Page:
Creativity is key for students stuck at home for prolonged periods of time, and local artist Rae Wright is expanding her business to include virtual painting lessons for students to stay busy and engaged.
The painter and art educator is running online tutorials for elementary school kids every week day afternoon.
“When I realized so many kids were going to be without an art education, I decided to do something a little bit extra,” she said.
Wright regularly ran step-by-step painting tutorials in classrooms teaching various art techniques and concepts. When local schools shut their doors in mid-March, she had to develop creative ways to keep the classes going. She now posts live and pre-recorded videos every week day at 2:30pm on her Facebook page and encourages parents and their children to sit behind the computer and participate using any materials they already have at home. Monday classes introduce the skills of the week, Tuesday to Thursday classes are for creating the project, and Friday is a fun and unique activity in drawing or painting.
“The target age range is for children in elementary school but I simplify the techniques for the younger children and I do an advanced technique for older ones,” she said.
Wright has a two-month-old son and she holds a certificate in children’s mental health. She says art education is especially important to ease stress and anxiety during these challenging times.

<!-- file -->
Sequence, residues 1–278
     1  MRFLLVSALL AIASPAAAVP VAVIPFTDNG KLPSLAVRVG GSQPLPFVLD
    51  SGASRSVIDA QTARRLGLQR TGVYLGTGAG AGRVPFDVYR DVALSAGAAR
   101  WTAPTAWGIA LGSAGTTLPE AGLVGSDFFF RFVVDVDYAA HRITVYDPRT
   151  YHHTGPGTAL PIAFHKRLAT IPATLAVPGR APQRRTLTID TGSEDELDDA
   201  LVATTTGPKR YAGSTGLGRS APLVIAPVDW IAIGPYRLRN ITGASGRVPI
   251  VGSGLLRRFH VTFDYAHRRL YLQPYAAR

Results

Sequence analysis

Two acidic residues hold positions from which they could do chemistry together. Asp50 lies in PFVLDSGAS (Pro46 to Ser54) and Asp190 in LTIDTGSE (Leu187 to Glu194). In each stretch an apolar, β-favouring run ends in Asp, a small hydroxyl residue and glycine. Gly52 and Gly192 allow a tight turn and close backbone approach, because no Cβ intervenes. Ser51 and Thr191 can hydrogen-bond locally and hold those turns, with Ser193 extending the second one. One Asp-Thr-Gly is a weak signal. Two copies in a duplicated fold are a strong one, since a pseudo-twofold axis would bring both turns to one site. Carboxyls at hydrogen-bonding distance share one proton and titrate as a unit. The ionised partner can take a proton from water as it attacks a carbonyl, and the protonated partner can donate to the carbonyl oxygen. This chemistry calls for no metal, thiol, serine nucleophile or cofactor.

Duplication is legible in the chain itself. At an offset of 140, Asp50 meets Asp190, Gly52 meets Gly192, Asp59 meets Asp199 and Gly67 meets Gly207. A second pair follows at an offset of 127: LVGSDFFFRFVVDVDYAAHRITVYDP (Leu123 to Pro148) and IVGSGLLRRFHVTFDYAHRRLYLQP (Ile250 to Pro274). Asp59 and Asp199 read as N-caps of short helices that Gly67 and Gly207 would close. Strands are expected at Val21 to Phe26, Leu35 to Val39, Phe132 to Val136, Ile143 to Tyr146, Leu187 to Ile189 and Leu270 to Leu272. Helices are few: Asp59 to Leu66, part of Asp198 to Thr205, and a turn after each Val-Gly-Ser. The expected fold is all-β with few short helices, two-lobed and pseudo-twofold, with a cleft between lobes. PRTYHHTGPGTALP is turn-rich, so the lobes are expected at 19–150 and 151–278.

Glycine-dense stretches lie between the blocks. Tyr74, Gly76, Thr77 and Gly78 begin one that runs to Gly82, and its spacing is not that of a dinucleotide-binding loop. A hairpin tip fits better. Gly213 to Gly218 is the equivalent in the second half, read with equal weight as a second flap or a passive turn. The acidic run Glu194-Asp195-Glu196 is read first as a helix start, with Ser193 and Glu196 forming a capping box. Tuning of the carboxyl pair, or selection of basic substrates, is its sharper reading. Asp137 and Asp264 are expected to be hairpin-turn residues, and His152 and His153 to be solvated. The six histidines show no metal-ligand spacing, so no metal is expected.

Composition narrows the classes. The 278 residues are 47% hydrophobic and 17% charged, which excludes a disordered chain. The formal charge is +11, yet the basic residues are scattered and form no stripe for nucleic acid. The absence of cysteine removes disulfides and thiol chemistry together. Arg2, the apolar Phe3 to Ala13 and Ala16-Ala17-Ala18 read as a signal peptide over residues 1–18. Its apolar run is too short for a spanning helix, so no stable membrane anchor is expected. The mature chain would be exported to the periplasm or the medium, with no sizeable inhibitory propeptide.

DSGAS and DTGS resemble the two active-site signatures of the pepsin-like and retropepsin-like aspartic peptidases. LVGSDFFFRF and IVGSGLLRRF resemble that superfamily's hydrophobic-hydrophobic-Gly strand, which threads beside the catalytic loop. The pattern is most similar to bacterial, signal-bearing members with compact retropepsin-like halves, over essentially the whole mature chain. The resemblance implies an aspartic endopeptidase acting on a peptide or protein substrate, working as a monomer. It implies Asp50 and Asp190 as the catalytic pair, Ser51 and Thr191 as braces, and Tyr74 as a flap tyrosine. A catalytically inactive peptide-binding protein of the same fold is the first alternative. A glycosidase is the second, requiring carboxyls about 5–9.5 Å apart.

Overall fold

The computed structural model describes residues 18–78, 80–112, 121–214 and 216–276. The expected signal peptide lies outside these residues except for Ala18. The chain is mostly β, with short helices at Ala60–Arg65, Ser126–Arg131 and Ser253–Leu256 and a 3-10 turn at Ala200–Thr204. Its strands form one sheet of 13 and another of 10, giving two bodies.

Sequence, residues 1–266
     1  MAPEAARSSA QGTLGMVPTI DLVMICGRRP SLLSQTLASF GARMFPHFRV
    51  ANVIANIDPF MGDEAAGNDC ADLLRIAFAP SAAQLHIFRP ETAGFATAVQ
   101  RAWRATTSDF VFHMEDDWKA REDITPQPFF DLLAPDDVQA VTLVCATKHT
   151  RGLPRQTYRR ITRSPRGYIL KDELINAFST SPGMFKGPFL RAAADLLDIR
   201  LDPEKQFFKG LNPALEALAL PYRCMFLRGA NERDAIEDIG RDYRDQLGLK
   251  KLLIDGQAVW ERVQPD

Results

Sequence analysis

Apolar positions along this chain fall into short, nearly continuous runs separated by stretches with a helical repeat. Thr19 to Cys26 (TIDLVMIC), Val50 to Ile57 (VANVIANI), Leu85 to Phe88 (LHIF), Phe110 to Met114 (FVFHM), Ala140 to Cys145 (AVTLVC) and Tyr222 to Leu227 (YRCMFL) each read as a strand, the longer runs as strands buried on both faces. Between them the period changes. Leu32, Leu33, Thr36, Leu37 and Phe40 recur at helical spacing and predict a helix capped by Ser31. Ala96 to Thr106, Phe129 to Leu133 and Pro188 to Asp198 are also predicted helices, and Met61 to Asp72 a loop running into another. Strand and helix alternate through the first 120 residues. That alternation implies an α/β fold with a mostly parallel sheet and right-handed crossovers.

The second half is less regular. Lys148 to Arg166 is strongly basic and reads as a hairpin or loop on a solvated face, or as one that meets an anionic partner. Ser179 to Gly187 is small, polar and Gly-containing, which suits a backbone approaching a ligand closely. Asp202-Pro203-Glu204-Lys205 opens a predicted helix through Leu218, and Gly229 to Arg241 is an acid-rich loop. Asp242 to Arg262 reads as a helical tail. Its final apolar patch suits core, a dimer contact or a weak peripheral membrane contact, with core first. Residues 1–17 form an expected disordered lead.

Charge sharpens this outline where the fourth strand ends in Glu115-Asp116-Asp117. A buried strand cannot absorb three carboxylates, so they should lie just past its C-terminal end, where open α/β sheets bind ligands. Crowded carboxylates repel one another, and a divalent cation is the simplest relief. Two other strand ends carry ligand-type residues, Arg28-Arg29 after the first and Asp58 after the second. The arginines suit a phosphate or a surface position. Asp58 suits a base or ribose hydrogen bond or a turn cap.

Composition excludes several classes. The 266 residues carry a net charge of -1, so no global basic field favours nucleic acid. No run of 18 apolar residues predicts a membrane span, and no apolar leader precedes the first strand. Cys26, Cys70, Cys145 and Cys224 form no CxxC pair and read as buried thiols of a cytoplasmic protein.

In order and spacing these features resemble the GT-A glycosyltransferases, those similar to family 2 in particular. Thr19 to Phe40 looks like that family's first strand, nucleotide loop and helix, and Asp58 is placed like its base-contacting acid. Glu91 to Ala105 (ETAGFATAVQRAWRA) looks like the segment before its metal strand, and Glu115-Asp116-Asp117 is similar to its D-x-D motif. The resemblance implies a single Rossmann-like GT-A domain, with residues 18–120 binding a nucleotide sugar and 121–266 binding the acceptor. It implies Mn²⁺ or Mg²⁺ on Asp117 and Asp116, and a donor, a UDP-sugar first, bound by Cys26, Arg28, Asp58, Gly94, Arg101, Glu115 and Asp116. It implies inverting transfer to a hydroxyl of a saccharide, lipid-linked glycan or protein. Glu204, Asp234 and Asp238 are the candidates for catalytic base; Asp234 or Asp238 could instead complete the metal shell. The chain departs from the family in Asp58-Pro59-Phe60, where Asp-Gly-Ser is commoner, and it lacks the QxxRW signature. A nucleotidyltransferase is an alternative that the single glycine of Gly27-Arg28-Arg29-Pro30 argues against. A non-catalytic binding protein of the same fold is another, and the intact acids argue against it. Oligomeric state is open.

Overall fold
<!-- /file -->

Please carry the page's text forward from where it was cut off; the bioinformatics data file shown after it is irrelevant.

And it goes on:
“It’s important to find activities to help you find your centre,” she said. “Art is all about calming your body and mind and focusing on what’s in front of you, which can alleviate stress.”
She adds that she’s curated the tutorials to be around half an hour so that parents can take the time to sit with their kids and collaborate on a creative project together. She cites studies that show children benefit from this engagement.
“It’s a great bonding opportunity that helps children grow their sense of self. When parents engage with their children in artistic activities, [their children’s] social and emotional competency goes through the roof.”
Like many local businesses that depend on face-to-face engagement, Wright has had to adapt in other ways to support herself during a prolonged period of social distancing. With all of her in-school painting parties postponed indefinitely, she will also be hosting those sessions online as well in the coming weeks.
Participants will have to supply their own materials, though she encourages making use of everyday objects like paper, cardboard and wood as painting surfaces. The classes are $10 per computer, which means families can participate together while sitting behind one computer.
For more information, visit the artist’s website.